Sinne starts the new year with Corinna Helenelund’s Brunnen, Pölen, Djupet, Öppna (Swedish for: the well, the puddle, the deep, open). The exhibition consists of five woven works and five books, in all of which the colours red, green, yellow and blue are repeated. The textile-sculptural installation invites us to immerse ourselves in colour and form, warp and weft, in the well, the puddle, the deep, and the open.
Helenelund usually works with sculptures made out of textiles. One starting point for this exhibition has been rags – leftovers, gaps, remnants that come about when bits are cut off during the form-finding work on the sculptures. The woven material in the exhibition consists of these leftovers, recycled old artworks, carpet rags, and sheets that Helenelund has dyed. She took up weaving as a technique while living at Pro Artibus’ Villa Snäcksund residence. “Weaving was something I had long wanted to learn, and Snäcksund gave me the time and the peace and quiet for this slow process. Rags – the unwanted, the leftover, the frayed – gradually became my material. Weaving creates a kind of act of healing, when all the small fragments are joined together,” she says.
Helenelund’s second starting point has been the floor. The floor is where the bits end up as leftovers when they are cut off, but it also ultimately becomes the home for the rag rugs once they are woven. Thus, the significance of the floor also varies throughout our lives. How does the floor hold us up when we feel broken, and how does it hold us up when we have sat or lain down on it to meditate or daydream? All the works in the exhibition mirror perceived floor states, glimpses and instants when something more intense has emerged – moments of clarity or brokenness – and when the floor has borne an extra-heavy weight. Helenelund shows us colours that embrace us – states in which words suddenly play less of a role, this also being reflected in the works’ one-word titles. A single word can still have several meanings: a well can be a source that gives, but also something one can fall into. The deep can be frightening and take us too far down, but turning deep inwards can be a path to solace.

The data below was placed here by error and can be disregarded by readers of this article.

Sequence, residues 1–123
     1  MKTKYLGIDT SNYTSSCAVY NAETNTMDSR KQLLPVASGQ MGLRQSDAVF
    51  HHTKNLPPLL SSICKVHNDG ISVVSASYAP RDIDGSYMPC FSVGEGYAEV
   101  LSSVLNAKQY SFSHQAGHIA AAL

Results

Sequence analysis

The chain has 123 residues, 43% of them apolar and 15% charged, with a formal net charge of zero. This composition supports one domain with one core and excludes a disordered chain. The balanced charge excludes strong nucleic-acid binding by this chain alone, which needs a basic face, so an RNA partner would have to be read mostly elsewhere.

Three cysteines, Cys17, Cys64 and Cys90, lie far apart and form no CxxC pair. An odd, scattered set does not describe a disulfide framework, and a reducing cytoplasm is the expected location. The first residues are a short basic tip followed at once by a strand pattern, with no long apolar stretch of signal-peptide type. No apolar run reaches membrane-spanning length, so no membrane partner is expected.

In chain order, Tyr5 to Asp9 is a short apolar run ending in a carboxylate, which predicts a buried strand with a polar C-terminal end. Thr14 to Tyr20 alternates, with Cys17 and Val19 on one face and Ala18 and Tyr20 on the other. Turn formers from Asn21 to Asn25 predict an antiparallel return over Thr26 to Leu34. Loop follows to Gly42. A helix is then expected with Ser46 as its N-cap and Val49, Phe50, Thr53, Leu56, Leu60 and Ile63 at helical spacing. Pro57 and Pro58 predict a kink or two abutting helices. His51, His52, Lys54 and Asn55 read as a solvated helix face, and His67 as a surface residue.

Words continue to be present in the books placed on top of the blue work Djupet. The text and images in the books also reflect on different mental states bound up with the rags and the floor. We invite the audience to lie down on the blue work – to take a moment for their own thoughts or to take a look at the books.
Communications and Gallery Coordinator